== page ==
Public Health & Public Safety
Public Safety and Policing
Kenzie is in favor of increased multi-modal community policing, with more bicycle and foot patrols and further investment in relationship-building between our police officers and the neighborhoods they serve. Kenzie also wants to see more resources directed to solving our high number of unsolved non-fatal shootings.
Kenzie supports efforts to get the State Police to grant policing authority over areas like the Bowker Overpass to the Boston Police Department, so as to avoid interagency policing failures.
Kenzie is also in favor of a strong civilian review board to ensure police accountability, and a permanent commitment to police body cameras.
Combating Gun Violence
While Kenzie was teaching Civics in the Boston Public Schools, one of her 14-year-old students became the victim of a fatal shooting. Kenzie feels strongly that the prevalence of guns in our society poses an unacceptable risk to children’s safety, and necessitates strong anti-gun-violence legislation on the national level.
Kenzie also supports robustly funding community-based programs and youth job opportunities to help disrupt cycles of violence. Too often, these programs are left begging for resources every summer, even though they do much of the most effective anti-violence work in the city.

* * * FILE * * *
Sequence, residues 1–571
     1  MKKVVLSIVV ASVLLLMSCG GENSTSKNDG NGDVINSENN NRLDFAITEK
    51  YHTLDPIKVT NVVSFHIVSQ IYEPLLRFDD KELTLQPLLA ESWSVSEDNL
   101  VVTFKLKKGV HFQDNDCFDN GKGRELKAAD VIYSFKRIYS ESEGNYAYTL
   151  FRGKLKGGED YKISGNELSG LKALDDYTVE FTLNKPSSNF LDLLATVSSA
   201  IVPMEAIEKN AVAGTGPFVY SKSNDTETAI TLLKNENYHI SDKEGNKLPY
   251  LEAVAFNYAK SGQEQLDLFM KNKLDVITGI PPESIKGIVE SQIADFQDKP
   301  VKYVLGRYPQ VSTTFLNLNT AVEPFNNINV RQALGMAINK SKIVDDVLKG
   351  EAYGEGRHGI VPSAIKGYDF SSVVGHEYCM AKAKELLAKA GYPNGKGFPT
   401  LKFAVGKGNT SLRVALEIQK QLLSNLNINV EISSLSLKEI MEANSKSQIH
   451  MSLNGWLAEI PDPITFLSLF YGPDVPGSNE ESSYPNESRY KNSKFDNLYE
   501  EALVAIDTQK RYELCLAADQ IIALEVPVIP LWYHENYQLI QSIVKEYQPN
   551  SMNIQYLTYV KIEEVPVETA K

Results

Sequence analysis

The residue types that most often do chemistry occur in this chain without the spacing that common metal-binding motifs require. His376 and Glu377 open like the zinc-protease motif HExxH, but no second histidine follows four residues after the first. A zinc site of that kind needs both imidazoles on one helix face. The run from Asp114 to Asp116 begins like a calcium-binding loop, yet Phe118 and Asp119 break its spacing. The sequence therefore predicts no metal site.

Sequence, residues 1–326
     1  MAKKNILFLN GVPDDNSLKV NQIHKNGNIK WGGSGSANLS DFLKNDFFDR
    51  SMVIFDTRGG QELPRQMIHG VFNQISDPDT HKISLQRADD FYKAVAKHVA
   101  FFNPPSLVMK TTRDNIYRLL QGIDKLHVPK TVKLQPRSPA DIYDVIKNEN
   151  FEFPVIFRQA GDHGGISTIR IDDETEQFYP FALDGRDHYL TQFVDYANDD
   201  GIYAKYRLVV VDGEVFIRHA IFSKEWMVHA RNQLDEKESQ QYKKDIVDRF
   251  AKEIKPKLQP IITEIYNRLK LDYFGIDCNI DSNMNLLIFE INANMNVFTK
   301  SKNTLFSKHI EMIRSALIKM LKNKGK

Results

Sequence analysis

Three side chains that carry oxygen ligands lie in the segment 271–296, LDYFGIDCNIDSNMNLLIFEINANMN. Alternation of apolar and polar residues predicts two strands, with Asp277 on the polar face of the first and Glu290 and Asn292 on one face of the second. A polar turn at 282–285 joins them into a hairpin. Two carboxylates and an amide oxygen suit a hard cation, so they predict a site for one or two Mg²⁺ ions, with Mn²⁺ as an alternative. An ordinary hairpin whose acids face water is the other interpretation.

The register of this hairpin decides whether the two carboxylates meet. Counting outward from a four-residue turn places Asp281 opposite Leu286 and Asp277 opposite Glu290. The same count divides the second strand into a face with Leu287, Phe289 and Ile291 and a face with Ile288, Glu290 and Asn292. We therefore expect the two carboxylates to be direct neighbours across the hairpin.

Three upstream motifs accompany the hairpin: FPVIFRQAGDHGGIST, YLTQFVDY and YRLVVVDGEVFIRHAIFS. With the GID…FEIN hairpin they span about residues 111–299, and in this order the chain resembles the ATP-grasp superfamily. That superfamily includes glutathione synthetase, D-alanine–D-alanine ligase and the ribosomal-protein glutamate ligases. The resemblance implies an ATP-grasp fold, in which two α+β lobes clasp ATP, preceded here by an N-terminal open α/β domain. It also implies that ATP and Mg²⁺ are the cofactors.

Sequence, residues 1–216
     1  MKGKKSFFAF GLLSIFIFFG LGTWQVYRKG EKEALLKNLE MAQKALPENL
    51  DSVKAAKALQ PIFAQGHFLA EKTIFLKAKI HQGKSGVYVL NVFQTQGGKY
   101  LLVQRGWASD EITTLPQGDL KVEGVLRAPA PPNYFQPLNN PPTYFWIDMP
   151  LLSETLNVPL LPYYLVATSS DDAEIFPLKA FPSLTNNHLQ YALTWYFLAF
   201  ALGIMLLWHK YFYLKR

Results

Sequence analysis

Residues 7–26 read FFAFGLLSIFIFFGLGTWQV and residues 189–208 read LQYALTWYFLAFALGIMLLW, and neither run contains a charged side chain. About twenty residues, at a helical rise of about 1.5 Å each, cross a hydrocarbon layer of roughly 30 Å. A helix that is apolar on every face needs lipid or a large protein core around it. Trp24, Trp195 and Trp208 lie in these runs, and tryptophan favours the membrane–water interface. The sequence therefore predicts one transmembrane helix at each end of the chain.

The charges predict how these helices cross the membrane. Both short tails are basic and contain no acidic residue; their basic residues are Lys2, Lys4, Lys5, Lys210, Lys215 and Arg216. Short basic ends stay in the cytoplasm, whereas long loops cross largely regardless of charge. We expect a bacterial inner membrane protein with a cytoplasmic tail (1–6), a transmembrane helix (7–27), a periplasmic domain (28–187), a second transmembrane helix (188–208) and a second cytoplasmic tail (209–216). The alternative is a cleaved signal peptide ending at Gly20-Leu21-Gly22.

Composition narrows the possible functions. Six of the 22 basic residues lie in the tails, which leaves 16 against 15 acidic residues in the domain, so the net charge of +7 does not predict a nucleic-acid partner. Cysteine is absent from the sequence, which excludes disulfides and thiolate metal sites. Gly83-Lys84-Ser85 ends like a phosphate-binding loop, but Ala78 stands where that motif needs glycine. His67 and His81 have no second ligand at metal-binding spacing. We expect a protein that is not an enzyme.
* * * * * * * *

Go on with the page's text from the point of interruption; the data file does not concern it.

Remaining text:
The Opioid Crisis
Kenzie believes that the opioid crisis calls for a crisis-level response, and that our society has not yet stepped up with the resources we need to put people on the road to recovery. Having personally witnessed an near-fatal overdose on Berkeley St. near the beginning of her campaign, Kenzie has now been trained by the Boston Public Health Commission and carries NarCan while canvassing the city.
Kenzie will engage as a city councilor in advocacy on the state level for a true continuum of care, with enough treatment beds to actually help all those who are prepared to receive assistance. She supports the rebuilding of the bridge to Long Island and city investment in a recovery campus at that location.
At the city departmental level, Kenzie will advocate for widespread NarCan availability and training. She will also push for continued integration of healthcare expertise (in regard to both opioids and mental health) into the staff capacity of frontline city services, from the on-staff social worker at the Boston Public Library to the BPD’s BEST team of mental health professionals.
Kenzie is also in favor of the expansion of the mobile sharps team, and of proposed legislation to require Boston’s pharmacies to provide receptacles for safe disposal of sharps.